As long as there are sermons, there will be bad sermons. And I hate preaching a bad sermon.

I hate it because preaching is such a vulnerable activity. If I lead a meeting poorly or have a bad counseling session, it's known only by a limited number of people. A bad sermon is like a car wreck—everyone slows down to see what happened. You don't want to seem callous, but it's irresistible.

I hate it because there's no one and no thing to blame. If a tennis player hits a bad shot, he always looks at his racquet, as if it's the racquet's fault, as if the string tension had suddenly and mysteriously changed. If I preach a bad sermon, what am I going to look at—the Bible?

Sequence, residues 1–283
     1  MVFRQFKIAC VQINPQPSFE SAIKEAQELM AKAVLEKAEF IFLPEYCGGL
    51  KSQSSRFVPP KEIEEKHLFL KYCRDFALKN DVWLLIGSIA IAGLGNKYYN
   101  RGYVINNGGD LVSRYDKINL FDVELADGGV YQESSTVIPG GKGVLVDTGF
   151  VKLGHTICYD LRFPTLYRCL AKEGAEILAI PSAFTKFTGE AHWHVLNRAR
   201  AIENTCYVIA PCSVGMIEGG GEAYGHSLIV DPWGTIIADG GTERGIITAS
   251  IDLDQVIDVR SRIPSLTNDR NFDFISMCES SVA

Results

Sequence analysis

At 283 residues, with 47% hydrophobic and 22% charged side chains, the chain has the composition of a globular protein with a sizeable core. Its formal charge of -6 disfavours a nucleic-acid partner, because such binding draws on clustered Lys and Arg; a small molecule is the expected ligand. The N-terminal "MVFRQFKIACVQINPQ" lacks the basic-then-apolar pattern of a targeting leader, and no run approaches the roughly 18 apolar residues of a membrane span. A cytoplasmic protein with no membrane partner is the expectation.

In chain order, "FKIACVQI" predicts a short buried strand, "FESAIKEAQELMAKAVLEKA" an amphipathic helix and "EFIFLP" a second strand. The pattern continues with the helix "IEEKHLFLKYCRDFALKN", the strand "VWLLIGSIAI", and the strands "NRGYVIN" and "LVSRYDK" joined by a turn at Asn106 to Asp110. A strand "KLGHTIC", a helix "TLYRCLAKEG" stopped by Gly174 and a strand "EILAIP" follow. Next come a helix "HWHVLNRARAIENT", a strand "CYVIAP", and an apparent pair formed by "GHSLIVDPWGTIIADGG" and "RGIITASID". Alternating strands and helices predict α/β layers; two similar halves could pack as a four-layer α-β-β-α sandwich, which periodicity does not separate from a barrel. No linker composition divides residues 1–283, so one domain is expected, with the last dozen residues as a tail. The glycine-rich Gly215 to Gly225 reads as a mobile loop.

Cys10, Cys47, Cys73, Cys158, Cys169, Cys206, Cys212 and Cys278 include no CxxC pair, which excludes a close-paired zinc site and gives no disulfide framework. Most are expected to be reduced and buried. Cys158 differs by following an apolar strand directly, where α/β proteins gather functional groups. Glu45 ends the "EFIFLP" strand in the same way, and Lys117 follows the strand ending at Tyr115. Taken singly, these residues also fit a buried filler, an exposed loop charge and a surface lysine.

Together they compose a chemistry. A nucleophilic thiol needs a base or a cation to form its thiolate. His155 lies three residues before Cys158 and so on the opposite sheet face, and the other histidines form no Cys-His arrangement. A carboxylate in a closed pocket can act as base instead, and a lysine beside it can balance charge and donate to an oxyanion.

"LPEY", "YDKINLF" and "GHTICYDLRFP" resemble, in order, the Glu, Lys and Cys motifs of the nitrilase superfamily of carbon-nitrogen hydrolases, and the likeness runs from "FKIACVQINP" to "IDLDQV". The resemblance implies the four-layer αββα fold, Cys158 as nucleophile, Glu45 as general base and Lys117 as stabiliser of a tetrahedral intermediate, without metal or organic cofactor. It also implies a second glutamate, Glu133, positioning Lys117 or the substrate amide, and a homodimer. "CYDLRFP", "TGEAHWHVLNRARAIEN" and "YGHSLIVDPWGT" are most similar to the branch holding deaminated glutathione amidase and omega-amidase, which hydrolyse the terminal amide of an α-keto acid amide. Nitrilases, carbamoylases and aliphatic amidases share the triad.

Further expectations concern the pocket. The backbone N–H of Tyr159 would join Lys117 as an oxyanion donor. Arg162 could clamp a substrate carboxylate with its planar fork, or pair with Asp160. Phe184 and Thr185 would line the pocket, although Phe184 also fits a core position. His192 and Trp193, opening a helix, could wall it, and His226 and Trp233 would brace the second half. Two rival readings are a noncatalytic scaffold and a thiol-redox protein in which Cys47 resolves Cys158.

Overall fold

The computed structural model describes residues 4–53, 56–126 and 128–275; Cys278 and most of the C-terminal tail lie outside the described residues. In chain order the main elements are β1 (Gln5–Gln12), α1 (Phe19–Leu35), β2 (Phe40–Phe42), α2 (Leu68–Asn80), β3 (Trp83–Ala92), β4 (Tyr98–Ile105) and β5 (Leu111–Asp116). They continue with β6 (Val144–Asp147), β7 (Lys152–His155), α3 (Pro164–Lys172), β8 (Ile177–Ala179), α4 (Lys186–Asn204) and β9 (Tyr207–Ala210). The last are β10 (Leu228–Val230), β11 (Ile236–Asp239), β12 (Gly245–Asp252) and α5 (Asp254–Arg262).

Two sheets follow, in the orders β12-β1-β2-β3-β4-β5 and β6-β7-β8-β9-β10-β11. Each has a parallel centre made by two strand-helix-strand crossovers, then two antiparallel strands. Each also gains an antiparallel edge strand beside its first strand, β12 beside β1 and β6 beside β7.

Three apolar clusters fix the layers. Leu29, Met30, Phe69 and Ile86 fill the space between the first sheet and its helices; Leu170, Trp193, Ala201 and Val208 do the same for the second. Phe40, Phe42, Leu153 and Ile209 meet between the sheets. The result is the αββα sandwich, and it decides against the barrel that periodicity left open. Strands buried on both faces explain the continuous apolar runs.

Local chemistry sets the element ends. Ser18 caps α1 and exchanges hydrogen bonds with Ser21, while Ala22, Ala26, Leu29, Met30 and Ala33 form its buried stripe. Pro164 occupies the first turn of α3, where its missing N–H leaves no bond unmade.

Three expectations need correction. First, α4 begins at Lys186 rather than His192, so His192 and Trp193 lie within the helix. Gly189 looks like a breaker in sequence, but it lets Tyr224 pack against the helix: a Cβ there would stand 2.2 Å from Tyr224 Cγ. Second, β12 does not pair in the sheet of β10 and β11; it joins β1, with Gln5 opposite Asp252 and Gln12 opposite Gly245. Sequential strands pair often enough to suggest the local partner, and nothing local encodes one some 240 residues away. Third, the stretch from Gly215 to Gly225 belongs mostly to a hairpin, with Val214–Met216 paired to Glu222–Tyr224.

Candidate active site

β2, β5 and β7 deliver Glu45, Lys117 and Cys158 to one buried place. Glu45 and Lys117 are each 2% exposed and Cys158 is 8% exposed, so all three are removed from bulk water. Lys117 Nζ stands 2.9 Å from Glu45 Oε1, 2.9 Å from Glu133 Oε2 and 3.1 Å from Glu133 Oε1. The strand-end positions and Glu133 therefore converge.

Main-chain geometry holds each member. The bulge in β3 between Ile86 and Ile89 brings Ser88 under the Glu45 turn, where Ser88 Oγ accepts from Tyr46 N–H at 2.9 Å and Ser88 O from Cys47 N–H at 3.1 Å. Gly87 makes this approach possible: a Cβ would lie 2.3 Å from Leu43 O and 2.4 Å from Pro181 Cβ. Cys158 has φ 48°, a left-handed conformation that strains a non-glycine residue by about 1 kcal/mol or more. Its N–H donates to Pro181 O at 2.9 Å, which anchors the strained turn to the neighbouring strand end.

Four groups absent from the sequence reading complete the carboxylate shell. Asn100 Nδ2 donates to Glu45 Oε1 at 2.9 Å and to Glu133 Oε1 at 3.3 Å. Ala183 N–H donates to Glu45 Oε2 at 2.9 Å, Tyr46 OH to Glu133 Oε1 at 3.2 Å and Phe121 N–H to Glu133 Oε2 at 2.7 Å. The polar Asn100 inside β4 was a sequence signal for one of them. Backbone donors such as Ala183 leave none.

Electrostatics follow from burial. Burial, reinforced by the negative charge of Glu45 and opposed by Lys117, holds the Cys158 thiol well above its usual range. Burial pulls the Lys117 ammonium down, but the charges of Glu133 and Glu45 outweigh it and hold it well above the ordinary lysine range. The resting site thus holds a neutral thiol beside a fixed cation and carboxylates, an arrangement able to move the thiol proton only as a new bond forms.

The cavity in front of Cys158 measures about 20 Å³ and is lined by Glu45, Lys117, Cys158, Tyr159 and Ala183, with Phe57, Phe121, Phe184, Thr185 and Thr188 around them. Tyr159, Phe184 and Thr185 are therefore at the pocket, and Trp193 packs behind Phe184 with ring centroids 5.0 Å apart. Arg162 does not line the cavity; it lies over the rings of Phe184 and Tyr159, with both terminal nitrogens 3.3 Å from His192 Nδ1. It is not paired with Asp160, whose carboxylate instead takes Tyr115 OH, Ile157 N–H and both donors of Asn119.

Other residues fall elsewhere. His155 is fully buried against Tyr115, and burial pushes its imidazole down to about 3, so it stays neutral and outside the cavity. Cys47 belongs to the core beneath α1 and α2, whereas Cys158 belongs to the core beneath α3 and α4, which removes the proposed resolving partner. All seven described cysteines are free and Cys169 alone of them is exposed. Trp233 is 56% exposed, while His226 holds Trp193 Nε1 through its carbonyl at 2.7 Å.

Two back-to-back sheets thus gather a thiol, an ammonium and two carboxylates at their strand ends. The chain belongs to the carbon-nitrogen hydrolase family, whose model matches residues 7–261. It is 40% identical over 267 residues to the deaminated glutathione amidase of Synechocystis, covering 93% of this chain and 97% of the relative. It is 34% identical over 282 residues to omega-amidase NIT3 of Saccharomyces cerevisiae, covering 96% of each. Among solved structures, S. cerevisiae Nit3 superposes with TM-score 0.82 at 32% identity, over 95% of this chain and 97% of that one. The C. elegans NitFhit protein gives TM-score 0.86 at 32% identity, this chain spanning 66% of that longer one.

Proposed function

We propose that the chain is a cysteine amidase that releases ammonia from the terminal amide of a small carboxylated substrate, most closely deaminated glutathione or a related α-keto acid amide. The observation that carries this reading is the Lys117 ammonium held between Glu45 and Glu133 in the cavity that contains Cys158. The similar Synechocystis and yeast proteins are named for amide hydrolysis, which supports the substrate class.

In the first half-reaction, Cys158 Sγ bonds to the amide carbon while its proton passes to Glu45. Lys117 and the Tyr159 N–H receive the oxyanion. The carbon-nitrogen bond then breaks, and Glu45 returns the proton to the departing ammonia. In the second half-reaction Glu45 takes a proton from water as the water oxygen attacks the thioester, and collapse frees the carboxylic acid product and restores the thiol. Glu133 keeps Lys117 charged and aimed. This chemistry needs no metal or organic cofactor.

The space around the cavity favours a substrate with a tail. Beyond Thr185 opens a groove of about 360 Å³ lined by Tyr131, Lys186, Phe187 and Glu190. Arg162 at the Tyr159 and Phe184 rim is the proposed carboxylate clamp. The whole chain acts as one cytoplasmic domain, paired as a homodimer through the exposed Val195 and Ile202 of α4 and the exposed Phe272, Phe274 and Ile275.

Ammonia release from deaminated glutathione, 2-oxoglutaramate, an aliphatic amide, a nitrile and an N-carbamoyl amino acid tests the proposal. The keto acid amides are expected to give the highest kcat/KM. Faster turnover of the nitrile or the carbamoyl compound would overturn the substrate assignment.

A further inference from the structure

I hate it because at our church we usually do four services on a weekend, and after the first one is over, I know I have to go through it three more times, bad sermon or not.

I hate it because of what's at stake. When preaching is done right, it can change lives. When it's ...

Subscriber access only You have reached the end of this Article Preview
To continue reading, join now for free and get complete access.